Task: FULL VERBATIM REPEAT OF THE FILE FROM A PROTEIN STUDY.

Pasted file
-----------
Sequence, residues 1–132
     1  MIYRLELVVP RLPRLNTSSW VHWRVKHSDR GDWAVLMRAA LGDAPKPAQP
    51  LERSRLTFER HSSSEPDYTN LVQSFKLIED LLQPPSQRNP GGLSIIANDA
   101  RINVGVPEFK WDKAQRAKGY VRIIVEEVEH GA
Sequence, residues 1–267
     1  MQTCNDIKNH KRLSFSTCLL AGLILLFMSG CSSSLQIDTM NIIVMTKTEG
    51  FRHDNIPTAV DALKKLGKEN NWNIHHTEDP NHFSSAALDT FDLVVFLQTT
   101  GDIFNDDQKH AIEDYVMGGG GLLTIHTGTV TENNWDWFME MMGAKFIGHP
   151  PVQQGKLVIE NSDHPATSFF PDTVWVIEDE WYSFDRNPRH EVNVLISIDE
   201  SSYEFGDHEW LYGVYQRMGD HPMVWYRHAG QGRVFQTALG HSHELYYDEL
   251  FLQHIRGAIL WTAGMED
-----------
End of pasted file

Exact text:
Sequence, residues 1–132
     1  MIYRLELVVP RLPRLNTSSW VHWRVKHSDR GDWAVLMRAA LGDAPKPAQP
    51  LERSRLTFER HSSSEPDYTN LVQSFKLIED LLQPPSQRNP GGLSIIANDA
   101  RINVGVPEFK WDKAQRAKGY VRIIVEEVEH GA
Sequence, residues 1–267
     1  MQTCNDIKNH KRLSFSTCLL AGLILLFMSG CSSSLQIDTM NIIVMTKTEG
    51  FRHDNIPTAV DALKKLGKEN NWNIHHTEDP NHFSSAALDT FDLVVFLQTT
   101  GDIFNDDQKH AIEDYVMGGG GLLTIHTGTV TENNWDWFME MMGAKFIGHP
   151  PVQQGKLVIE NSDHPATSFF PDTVWVIEDE WYSFDRNPRH EVNVLISIDE
   201  SSYEFGDHEW LYGVYQRMGD HPMVWYRHAG QGRVFQTALG HSHELYYDEL
   251  FLQHIRGAIL WTAGMED